In the end I end up leaving with a mix of cookies, ready made sandwiches, snickers, mars and bounty, some canned fish and the usual fruits and tomatoes. The plan for this evening is to continue at a slow pace on the climb towards Tosor Pass (3800m) and sleep somewhere on a climb.

With the heavily loaded bike the pace is slow and I console myself with the fact that I need one night of sleep to recover from today’s effort and that the speed which I have now is in a way normal. When Adrien catches up with me again from behind and when I see that he’s moving quite a bit faster than me I start doubting my decision but in the end we both stop in the first place where the valley gets a bit wider, 400 meters away, he in his bivy and me once again in shed near one of the uninhabited buildings. Today was tough day and I have to take care a bit more with the nutrition in the following days as today something went terribly wrong after Arabel, and I could restore the energy stores in the last hours of the day. Hopefully tomorrow I’ll fare better, but counting the places I should be in 3rd place when I go to sleep.

Strava link:

Maintenance, stopping to filter water with the first moments of sunshine.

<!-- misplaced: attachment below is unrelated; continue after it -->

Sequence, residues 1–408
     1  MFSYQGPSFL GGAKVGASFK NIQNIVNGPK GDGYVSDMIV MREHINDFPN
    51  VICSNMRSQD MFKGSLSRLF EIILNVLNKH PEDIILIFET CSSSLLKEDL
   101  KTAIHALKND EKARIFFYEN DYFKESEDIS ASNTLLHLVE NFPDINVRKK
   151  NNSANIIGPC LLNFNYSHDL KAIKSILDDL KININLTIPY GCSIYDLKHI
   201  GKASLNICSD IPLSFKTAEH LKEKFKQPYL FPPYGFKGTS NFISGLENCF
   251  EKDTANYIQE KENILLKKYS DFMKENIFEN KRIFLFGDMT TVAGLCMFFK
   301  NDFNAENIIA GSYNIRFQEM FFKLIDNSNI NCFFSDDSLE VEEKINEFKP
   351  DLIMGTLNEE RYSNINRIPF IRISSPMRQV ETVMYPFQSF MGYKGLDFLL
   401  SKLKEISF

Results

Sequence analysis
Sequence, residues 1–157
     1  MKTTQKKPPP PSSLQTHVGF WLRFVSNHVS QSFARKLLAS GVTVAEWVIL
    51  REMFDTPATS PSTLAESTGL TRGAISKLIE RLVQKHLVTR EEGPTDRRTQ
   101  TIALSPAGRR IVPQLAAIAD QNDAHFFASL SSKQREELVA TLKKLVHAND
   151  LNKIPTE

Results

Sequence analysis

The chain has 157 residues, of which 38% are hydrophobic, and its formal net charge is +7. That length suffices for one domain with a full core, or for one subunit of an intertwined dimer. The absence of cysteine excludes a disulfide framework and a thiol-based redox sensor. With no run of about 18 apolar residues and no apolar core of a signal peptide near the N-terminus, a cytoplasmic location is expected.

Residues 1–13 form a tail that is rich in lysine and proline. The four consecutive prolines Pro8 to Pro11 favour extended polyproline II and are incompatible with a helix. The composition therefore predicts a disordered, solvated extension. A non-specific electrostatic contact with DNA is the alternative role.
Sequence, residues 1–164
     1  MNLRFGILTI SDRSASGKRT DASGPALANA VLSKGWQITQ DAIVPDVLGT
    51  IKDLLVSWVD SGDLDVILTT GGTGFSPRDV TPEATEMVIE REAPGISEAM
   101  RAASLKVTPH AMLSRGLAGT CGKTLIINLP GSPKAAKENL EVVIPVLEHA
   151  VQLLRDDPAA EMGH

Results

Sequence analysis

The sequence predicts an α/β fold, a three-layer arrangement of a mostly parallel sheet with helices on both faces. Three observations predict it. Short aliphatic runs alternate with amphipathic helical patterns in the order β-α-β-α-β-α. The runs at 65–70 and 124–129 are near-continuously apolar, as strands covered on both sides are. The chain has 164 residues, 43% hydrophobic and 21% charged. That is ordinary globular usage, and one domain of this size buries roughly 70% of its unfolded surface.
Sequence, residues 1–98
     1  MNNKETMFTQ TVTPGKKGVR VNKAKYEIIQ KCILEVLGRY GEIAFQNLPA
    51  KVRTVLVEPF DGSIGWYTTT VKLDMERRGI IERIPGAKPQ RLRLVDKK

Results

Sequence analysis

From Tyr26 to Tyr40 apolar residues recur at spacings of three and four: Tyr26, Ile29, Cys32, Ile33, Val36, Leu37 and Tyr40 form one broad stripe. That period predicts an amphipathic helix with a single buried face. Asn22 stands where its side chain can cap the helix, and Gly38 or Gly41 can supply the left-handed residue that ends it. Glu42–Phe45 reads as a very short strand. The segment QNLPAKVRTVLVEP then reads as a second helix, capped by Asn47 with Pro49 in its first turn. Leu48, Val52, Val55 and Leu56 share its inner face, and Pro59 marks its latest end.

Leaving behind the road and the valley which head up to Tosor pass. We’ll have to descent that way tomorrow
Arabel looks stunning in any weather, at this point the snow is almost gone and there’s a slight hope that after all the mud and puddles you might be dry by nightfall.
Once again some maintenance at the top of the pass, preparing for the decent to Tamga.
(photo credits Danil Usmanov)
This bit was by quite a distance one of the most spectacular parts of the race
(photo credits Danil Usmanov)
Having a red bike, green jacket and a blue backpack helps a LOT to identify you in photos.
(photo credits Danil Usmanov)
Descending 2000m on the mining road on some very, very spectacular switchbacks
(photo credits Danil Usmanov)

(photo credits Danil Usmanov)
The next set of switchbacks.
(photo credits Danil Usmanov)
Adrien, also looking quite shot at the resupply point from Tamga.
(photo credits Danil Usmanov)